Published by Running Press Kids
Summary: Sent to America to live with her aunt and uncle, the narrator is struggling to adjust to her new life, missing her family and friends back home. One day her aunt takes her on a walk and tells a story from ancient Persia about a group of people forced to leave their home. They arrive by boat in India, ragged and exhausted, only to be told by the king that they can’t stay. His land is too crowded, and there is no room for these strangers who don’t speak his language. He fills a cup to the brim with milk to demonstrate this. One of the refugees takes some sugar from his pack and adds it to the milk. The milk has become sweeter without causing the cup to overflow; the king understands the message that in the same way the Persians will bring happiness to his country, and he welcomes them. The girl learns from her aunt’s story, and begins to see the beauty in her new country, carrying a packet of sugar to remind her to bring sweetness wherever she goes. 48 pages; grades K-5.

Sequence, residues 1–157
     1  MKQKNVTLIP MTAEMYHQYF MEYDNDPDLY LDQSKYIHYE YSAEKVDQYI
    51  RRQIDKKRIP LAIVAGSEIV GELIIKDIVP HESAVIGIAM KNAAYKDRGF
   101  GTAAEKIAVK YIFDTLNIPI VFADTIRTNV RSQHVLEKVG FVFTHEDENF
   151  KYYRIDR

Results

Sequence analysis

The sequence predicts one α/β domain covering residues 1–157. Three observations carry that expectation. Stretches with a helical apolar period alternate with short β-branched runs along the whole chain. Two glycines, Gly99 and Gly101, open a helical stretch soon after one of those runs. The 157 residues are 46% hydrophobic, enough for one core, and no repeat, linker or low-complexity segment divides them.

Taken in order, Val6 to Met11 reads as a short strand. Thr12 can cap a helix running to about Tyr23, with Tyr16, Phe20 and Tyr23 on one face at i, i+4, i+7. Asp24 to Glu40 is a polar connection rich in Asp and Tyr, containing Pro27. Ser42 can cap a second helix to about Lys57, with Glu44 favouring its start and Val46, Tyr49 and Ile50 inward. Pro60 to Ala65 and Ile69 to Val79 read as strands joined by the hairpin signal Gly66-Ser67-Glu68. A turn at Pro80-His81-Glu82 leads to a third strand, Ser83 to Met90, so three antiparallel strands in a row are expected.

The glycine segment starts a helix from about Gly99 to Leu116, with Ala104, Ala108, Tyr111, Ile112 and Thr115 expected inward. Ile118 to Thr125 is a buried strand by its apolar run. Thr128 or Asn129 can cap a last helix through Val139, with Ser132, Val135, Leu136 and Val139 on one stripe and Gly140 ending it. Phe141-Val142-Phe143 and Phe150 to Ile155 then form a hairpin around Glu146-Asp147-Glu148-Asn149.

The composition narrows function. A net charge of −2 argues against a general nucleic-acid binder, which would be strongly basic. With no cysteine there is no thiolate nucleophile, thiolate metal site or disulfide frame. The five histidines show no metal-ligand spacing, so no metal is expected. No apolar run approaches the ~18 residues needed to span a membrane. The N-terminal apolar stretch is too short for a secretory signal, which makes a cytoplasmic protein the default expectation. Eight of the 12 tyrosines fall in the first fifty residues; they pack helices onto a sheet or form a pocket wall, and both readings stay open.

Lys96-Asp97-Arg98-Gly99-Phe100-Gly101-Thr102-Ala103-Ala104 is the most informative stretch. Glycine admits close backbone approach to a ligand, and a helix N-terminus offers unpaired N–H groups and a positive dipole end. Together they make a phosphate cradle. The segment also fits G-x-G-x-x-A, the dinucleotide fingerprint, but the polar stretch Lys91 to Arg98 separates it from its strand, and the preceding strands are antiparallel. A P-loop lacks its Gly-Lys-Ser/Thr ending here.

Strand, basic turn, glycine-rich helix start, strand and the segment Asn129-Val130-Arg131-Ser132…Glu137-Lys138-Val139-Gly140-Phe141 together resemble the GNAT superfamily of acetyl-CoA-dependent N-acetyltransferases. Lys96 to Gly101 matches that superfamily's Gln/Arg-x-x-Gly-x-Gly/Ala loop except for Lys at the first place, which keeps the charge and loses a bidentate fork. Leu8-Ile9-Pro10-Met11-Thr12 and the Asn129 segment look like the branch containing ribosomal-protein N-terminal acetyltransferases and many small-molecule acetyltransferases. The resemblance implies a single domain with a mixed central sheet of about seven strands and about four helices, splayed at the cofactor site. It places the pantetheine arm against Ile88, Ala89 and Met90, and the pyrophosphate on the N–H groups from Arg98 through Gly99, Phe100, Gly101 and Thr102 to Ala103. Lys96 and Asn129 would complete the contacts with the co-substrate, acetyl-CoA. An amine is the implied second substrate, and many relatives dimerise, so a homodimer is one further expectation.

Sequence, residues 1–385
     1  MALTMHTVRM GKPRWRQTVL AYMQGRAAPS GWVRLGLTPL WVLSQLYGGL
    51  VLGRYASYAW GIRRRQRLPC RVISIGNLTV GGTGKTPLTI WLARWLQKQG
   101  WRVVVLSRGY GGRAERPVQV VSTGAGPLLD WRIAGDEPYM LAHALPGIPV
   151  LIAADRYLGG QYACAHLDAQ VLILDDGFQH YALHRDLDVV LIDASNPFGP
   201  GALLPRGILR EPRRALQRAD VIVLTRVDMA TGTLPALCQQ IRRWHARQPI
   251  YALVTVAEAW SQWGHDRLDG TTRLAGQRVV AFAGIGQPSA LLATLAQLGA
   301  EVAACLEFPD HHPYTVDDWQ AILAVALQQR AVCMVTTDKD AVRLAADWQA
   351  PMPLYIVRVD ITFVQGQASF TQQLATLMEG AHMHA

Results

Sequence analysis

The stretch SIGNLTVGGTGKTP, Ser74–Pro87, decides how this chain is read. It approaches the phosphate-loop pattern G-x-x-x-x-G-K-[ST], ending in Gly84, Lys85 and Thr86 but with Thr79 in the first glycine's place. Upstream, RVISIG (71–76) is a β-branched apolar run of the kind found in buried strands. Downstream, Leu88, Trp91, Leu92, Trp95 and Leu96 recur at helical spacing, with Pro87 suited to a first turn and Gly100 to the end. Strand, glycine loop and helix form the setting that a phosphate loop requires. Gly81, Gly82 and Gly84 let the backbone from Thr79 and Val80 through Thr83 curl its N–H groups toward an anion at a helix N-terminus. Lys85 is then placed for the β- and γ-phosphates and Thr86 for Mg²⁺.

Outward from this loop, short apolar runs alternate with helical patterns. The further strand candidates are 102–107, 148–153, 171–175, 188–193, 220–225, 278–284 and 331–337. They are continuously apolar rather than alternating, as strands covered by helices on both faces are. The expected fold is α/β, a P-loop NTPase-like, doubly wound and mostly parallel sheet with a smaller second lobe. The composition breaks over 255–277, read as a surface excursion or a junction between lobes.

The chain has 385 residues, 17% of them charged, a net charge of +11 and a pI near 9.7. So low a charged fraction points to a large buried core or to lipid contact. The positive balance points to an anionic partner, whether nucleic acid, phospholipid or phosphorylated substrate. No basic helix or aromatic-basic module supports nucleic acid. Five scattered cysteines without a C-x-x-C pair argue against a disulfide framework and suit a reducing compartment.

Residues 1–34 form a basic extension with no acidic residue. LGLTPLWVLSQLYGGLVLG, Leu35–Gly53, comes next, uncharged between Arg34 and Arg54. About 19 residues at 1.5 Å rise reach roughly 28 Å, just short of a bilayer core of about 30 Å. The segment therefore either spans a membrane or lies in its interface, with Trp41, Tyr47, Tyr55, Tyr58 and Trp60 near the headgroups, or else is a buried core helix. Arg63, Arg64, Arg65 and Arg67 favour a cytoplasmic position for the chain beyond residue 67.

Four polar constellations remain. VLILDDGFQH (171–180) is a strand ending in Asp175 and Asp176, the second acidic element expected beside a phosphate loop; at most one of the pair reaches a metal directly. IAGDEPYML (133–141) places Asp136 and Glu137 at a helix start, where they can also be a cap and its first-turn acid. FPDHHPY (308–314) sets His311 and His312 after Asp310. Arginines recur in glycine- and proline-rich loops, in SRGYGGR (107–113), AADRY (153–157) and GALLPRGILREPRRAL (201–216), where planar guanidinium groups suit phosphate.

Pros: With spare prose and gorgeous illustrations, this book delivers its message about immigration without preaching. It’s also a great example of the timelessness of folklore and how ancient stories can still be relevant today.
Cons: I would have liked some additional information about the history of the folktale.